One of the most popular questions people ask regarding taxes is, “what tax bracket am I in?” While the question is certainly important and relevant, the more significant question is “what is my marginal tax rate?”
The Difference Between Gross and Taxable
There is a big difference between your gross income and taxable income – something that many people don’t realize. It’s only after you learn to differentiate and discover what income you actually owe taxes on that you can begin to uncover your marginal tax rate. Let’s take a look at each independently before connecting the dots:
- Gross income. According to the IRS, your gross income is the amount of income you receive in the form of money, services, property, and goods that is not exempt from taxation. Underneath the heading of gross income are things like wages, investment gains or losses, business gains or losses, and unemployment compensation. Your gross income from any given year can be found on your income section’s last line on Form 1040.
- Taxable income. For most individuals, the taxable income is significantly lower than the gross income. While it is possible for it to be the same as the gross, it can never be higher. That’s because your taxable income is a segment of your gross income. Also referred to as the taxable portion, it is your total income minus deductions and exemptions. These may include charitable donations, retirement account deductions, and other select investments.
In summary, gross income is the sum of your entire income for a single year. It does not account for deductions. Your taxable income takes your gross income and subtracts all deductions. The final figure is the amount on which you can be taxed.
Choosing How to File
Another major factor playing into which tax bracket you fall in and how much you owe is how you choose to file. The five official filing statuses are Single, Married, Married Filing separately, Head of Household, and Qualified Widow(er).
- Single. If you are unmarried, divorced, or legally separated by the last day of the tax year, you can file under “single.”
- Married. This status is reserved for married couples that plan on filing taxes jointly. In doing this, you combine both incomes to determine the applicable bracket.
- Married Filing Separately. It’s not always practical or advantageous to file together. If you decided to do your taxes separately, this is the filing status to use.
- Head of Household. This filing status is for individuals that are unmarried and have at least one dependent living at home. It’s also possible to file as the head of household if you have at least one dependent and your spouse didn’t live with you for the final six months of the tax year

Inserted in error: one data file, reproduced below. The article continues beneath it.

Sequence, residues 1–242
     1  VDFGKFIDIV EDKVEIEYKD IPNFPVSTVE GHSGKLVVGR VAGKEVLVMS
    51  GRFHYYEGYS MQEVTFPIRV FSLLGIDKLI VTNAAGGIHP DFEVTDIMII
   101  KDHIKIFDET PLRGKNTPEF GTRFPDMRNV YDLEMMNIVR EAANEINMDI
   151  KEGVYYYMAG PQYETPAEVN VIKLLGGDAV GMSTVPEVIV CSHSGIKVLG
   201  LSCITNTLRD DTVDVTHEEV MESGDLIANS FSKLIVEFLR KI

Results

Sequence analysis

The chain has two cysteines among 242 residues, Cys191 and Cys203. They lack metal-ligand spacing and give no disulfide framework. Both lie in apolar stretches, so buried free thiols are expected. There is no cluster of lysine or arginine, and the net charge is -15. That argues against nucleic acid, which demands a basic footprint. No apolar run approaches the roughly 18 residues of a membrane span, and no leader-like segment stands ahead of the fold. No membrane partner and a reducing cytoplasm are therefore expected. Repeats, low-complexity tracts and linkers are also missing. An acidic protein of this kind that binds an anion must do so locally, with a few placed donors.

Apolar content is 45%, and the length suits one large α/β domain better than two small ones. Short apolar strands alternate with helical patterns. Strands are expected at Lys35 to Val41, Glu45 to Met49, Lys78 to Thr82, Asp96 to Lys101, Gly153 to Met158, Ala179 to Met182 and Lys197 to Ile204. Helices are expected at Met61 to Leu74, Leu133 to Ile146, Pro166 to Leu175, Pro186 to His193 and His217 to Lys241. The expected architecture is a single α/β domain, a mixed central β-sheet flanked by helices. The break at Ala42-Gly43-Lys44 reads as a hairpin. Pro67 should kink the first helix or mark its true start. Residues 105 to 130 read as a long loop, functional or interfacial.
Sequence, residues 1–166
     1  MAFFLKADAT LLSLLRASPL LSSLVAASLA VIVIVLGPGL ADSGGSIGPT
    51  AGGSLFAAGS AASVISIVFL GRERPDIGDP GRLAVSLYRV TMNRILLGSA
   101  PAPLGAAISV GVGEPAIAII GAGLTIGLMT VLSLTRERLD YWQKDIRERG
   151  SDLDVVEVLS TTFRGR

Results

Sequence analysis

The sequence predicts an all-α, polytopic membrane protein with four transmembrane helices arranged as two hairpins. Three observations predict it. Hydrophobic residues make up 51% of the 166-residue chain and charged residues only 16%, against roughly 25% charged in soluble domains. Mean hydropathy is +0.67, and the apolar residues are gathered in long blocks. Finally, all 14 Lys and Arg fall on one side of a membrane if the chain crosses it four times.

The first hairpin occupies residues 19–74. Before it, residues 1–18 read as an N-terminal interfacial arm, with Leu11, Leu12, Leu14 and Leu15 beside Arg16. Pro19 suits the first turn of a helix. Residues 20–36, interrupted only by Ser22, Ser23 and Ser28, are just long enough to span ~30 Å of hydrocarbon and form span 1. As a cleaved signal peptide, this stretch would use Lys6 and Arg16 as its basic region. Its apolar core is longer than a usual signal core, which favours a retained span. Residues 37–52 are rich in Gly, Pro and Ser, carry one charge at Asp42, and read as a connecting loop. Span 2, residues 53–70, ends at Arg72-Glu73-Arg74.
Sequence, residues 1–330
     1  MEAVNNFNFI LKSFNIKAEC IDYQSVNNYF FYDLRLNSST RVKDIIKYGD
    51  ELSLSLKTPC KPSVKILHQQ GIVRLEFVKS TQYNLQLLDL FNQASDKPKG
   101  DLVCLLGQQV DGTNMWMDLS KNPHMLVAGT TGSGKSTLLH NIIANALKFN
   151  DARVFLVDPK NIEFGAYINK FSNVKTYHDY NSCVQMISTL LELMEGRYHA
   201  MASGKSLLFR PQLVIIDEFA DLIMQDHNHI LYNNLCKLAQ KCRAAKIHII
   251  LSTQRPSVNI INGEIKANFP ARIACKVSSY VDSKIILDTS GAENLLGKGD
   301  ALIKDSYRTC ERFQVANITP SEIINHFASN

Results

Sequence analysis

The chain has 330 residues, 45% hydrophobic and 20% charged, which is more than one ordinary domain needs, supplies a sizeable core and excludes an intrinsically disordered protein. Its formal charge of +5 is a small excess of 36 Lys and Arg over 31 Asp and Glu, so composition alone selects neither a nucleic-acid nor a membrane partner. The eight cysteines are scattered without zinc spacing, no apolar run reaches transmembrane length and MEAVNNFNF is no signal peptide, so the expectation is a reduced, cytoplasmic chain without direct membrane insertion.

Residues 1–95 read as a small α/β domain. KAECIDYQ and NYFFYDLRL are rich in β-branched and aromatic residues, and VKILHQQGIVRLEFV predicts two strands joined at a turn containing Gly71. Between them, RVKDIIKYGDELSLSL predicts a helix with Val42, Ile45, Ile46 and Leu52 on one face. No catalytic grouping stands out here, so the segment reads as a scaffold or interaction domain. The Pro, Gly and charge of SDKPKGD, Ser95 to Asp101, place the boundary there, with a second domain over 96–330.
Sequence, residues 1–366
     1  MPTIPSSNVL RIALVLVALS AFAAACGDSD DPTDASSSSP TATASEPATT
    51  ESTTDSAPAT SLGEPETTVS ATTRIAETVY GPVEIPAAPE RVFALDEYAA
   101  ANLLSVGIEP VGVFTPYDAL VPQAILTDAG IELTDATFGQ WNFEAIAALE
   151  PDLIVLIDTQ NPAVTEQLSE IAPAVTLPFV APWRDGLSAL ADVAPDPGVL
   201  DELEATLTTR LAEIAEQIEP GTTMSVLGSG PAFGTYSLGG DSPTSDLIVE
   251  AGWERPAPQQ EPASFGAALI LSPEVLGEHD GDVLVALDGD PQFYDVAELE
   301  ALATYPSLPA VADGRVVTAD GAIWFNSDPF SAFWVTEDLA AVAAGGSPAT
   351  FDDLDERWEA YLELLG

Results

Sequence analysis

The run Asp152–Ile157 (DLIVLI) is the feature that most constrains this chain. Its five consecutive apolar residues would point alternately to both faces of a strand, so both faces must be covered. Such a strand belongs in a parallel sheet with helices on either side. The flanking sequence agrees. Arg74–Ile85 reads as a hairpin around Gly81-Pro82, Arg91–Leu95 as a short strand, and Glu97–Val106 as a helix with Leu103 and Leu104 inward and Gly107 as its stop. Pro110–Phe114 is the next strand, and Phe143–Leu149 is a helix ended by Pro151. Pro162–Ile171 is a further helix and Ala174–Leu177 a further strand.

- Qualified Widow(er). If your spouse died in the past tax year, you filed jointly the year before, and you have at least one dependent, you can file under this status.
Finding Your Tax Bracket
Once you’ve determined your gross income and taxable portion, it’s time to determine your IRS filing status. For 2015 tax rates and brackets you can check out the charts found here. There are also a number of automated calculator tools online that can help you estimate and project which category you may fall under.
As brackets – and not rates – move upward, taxpayers can expect a little bit of relief over previous years. According to George Farrah, the Executive Editor of BNA Tax & Accounting, “The good news is that people whose income is the same compared to last year may enjoy a lower effective tax rate – and a lower tax bill – because of the inflation adjustments.”
For 2015, personal exemptions are expected to be up to $4,000 (from $3,950 this year). It’s also important to note that the personal exemption deduction is now phased out for high-income taxpayers. Standard deduction numbers should look something like this:
- Single — $6,300
- Married Filing Jointly — $12,600
- Married Filing Separately — $6,300
- Head of Household — $9,250
- Surviving Spouse — $12,600
How to Keep More of Your Money
While you hopefully have a slightly better understanding of how to determine – or at least estimate – your tax bracket, it doesn’t mean paying your taxes is easy. Regardless of how much time and effort you put into it, there are always things you’ll overlook or miss on your own. However, with the help of a tax professional, you can ensure you pay the lowest taxes and keep more of your money. Every penny you spend on a tax professional will be returned to you multiple times over.
Keywords: filing status, IRS filing status, lowest taxes